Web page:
American Heritage® Dictionary of the English Language, Fourth Edition
- n. A style of black letter formerly used in German manuscripts and printing.
- 1886 fractur, 1904 fraktur, from German Fraktur, from Latin frāctūra ("breaking n.") < frangere ("to break"), past participle fractus. Compare fracture, fraction. (Wiktionary)
- German, from Latin frāctūra, a breaking (from the curlicues that appear to break up the word); see fracture. (American Heritage® Dictionary of the English Language, Fourth Edition)
“Once choked on a pretzel while attempting to decipher an 18th-century Pennsylvania Dutch fraktur.”
“In Northern Europe, Germany and Britain, printing was first developed with the gothic fraktur style of lettering.”
“Pennsylvania has long been a hotbed for Americana collectors, between Amish quilts, fraktur and all that Pennsylvania German painted furniture.”
“You may notice that some characters are missing (such as capital N fraktur style).”
“You can type in those math characters using Insert → Special Character … in OpenOffice. org as shown below. mathematical alphanumeric symbols (fraktur style) in Plane 1.”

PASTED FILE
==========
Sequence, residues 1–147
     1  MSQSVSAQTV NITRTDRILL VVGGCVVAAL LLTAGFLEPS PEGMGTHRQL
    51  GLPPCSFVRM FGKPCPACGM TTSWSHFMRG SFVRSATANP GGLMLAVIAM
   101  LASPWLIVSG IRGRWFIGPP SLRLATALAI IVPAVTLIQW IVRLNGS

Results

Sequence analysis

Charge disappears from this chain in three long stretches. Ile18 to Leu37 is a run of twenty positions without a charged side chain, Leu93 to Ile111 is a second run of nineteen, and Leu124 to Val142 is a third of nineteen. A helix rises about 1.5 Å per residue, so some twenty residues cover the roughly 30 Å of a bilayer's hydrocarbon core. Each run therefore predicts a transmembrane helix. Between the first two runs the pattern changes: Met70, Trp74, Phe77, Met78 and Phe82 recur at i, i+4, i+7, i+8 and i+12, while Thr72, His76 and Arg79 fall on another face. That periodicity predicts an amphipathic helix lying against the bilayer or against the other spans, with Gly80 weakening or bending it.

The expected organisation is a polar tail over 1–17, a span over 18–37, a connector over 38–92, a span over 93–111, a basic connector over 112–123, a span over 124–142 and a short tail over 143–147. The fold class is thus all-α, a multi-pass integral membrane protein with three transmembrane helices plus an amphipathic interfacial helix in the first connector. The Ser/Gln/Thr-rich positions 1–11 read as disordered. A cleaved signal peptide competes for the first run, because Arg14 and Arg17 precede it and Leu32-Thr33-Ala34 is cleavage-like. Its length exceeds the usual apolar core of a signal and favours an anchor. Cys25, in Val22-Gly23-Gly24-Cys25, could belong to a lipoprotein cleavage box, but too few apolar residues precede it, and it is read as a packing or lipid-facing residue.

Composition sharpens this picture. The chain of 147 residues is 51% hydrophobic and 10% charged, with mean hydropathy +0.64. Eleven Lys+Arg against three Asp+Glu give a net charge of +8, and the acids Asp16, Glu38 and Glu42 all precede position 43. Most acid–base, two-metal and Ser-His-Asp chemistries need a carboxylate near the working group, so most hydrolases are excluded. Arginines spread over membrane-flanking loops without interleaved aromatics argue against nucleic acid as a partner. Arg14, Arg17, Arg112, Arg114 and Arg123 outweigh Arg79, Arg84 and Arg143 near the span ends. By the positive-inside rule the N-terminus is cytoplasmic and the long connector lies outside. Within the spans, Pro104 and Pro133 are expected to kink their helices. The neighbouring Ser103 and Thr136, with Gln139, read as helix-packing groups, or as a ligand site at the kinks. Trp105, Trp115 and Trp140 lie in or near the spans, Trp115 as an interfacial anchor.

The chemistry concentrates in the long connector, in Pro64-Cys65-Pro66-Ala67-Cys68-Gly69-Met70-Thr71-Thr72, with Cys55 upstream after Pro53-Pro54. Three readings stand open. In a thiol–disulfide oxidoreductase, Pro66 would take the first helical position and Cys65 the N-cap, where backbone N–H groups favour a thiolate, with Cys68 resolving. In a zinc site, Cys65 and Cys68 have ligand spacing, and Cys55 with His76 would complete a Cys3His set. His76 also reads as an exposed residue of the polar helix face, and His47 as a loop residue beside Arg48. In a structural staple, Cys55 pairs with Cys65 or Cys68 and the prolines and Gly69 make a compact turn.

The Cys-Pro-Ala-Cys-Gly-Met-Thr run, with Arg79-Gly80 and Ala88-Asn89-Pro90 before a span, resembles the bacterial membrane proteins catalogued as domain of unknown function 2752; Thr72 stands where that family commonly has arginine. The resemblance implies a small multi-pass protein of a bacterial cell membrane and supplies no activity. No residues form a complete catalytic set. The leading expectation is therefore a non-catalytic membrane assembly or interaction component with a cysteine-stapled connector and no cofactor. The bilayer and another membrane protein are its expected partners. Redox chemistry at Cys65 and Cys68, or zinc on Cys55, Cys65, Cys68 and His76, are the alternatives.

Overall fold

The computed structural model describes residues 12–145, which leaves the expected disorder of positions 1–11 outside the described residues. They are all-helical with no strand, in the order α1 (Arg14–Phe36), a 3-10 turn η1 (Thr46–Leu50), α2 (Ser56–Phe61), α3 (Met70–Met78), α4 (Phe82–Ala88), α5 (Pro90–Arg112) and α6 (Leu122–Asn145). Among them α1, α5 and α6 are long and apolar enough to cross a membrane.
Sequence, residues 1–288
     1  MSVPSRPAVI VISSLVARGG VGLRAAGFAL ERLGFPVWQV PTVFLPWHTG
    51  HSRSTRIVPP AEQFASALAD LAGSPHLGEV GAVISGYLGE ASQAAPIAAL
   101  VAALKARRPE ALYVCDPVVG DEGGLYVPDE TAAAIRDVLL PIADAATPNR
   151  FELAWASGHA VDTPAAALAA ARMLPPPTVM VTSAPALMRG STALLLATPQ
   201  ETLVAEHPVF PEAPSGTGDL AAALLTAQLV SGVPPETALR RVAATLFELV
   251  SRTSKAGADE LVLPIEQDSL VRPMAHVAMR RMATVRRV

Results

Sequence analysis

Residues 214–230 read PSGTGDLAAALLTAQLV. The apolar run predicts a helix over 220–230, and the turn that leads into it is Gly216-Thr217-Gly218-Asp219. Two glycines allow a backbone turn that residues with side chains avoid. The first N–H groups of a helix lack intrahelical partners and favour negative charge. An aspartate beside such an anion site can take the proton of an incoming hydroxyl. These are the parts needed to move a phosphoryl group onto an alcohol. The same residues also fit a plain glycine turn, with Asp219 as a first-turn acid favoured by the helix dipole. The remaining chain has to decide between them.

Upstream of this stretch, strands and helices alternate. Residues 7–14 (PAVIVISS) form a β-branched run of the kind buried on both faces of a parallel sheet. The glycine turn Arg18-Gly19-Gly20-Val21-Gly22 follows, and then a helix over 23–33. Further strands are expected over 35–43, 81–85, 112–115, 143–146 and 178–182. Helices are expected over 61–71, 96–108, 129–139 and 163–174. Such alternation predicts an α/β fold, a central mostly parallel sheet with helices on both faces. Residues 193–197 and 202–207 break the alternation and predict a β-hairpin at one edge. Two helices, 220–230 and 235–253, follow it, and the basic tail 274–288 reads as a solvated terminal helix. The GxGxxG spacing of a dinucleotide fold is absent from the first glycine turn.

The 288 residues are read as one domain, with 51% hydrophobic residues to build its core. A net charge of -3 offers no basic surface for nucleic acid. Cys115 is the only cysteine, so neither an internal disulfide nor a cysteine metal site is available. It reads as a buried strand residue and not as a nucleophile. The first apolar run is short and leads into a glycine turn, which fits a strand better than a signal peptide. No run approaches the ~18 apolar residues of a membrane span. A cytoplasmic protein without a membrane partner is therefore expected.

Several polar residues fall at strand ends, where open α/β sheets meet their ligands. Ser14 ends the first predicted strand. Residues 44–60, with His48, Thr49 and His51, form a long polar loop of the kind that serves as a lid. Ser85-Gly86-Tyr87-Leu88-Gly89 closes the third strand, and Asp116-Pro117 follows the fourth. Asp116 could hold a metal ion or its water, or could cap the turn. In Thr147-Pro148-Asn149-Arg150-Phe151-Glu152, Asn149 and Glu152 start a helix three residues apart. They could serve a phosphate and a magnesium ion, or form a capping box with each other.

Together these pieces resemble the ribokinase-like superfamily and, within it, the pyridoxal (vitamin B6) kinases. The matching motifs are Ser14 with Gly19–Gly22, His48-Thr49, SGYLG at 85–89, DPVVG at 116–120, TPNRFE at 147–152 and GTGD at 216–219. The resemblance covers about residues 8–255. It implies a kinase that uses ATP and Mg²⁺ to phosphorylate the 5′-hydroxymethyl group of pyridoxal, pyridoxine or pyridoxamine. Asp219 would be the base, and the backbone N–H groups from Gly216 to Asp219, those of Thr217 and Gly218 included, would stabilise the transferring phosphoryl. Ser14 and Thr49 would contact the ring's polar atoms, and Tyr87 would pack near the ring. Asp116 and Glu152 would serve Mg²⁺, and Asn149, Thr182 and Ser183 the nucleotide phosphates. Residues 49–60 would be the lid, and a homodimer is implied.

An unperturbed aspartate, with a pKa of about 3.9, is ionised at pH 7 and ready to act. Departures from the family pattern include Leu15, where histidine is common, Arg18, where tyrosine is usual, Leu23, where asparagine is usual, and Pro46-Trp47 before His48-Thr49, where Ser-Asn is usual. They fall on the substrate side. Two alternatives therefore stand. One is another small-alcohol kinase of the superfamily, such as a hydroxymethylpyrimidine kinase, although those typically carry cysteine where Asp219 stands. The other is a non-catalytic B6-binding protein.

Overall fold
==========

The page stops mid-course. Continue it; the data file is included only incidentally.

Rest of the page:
“Then if you held down the Option key, typed 1D40F and released the Option key, you'd see a math fraktur F.”
“PC Word's alt+x Unicode input method is more flexible since it allows you to edit the code, insert higher-plane characters like math italic and fraktur and do the inverse: replace a character by its”
“Features performances by Ephrata Cloister Chorus at 2, 3 and 4 p.m., plus book signing by fraktur artist Ruthanne Hartung and display by potter Christine Tosten-Souders from 1 to 4 p.m.”
“Kathy Lloyd: In this note we compute Leibniz algebra deformations of the three-dimensional Heisenberg Lie algebra [fraktur n] and compare it to its Lie deformations.”
“(mathscr), fraktur (mathfrak) and blackboard (mathbb) fonts, and implemented the translation to Unicode chars: ℱ,,.”
These user-created lists contain the word ‘fraktur’.
Valentine's Day is coming up, so here's a list of words that have been "loved" here on Wordnik (our favorite site with a heart as part of its logo).
words that kick ass, in the non-literal sense
Something about these words doesn't look or feel right. And yet... they're strangely appealing.
Sir Francis Bacon: "There is no excellent beauty that hath not some strangeness in the proportion."
Looking for tweets for fraktur.